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Discussion Starter · #1 ·
gentelmen;; does anyone have any data regarding the effects of ultra violet light on color case hardening and straw case hardening? i can find nothing in the forum "archives".. any data appreciated. john l.lockwood
 

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No, I know that a strong directed light, such as a flashlight with a tight beam will show the patina better than just light. Ultra-violet light is good for making newer items, such as new thread stand out (it appears to glow).

Ed
 

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Ed,

I think John is asking about the possible effect of UV (in light such as sunlight?) in causing color case hardening and straw to fade. It is a known phenomenon in color pigments such as paint and color photographs, which is why museums display paingings and photos under subdued lighting and don't allow flash photography.

Quite a long time ago Thor proposed that light was a cause of straw fading, but it was a supposition, not as specific as identifying a particular part of the bandwidth.

--Dwight
 

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Discussion Starter · #5 ·
hello all; thank you for your responses. i have been keeping my collection in the dark for fear of diminishing the color case hardning colors, especially on my collection of M-99 savages. perhaps there was nothing much to be concerned about all along.--john--
 

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John,

I was intending to indicate that 1. UV fades colors; and 2. light -may- cause straw to fade. I understand your concern about your collection, and do not suggest that you make any changes or reduce your concerns on the basis of my comment.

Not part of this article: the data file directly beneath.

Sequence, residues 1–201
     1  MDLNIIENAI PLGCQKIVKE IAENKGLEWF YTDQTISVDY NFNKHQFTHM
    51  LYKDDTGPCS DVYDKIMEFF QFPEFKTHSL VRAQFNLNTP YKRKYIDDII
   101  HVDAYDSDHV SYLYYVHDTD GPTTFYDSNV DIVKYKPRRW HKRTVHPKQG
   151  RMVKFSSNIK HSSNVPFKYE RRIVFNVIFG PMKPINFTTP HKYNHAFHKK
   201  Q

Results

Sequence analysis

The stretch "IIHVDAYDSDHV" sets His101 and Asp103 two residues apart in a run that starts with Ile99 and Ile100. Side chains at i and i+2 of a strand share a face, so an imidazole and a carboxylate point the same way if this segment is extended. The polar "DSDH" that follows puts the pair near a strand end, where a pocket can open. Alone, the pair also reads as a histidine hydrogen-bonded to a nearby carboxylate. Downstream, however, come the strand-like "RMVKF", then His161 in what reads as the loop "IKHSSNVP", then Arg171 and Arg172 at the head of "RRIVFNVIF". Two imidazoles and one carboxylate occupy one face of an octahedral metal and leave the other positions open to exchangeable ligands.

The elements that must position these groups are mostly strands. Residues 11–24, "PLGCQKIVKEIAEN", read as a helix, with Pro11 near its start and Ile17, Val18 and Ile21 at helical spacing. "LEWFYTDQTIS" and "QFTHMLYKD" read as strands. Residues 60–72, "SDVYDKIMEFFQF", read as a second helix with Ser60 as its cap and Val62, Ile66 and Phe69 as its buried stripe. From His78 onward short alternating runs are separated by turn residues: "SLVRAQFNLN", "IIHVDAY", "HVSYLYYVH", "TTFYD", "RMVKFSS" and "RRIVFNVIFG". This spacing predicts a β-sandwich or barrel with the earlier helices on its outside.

--Dwight
 

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Strawing fades quite fast in sunlight. Violet/blue takes a lot longer. I lost the colour on my newly strawed Luger trigger within one year but the extractor has never been re-blued and the colour is still strong.

Patrick
 

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Discussion Starter · #8 ·
i raised the question for two reasons;;;first was that i thought it was an old wives tale, but secondly ;;i have six nice C-96's and an astra 900 that all exhibit the same phenomenon-- the blue is nice, some going to a deep purple, but virtually all the straw has faded to almost white.
 

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Strawing is not all that difficult to renew and a lot of people do it at home in the oven. You can´t do much wrong, as if you leave the item in too long at too high heat and it turns too dark, the colour can be removed with metal polish. To begin with, the item must be clean and grease free. When the correct yellow colour has been achieved, remove the item and dip it in cooking oil. I hold the item over a gas ring until it´s ready.

Patrick
 

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Dear Patrick:

For us slow learners, could you please advise how long you leave parts in the oven and what type of cooking oil? When you say you hold part over gas ring I would say a gas burner?

Regards,

George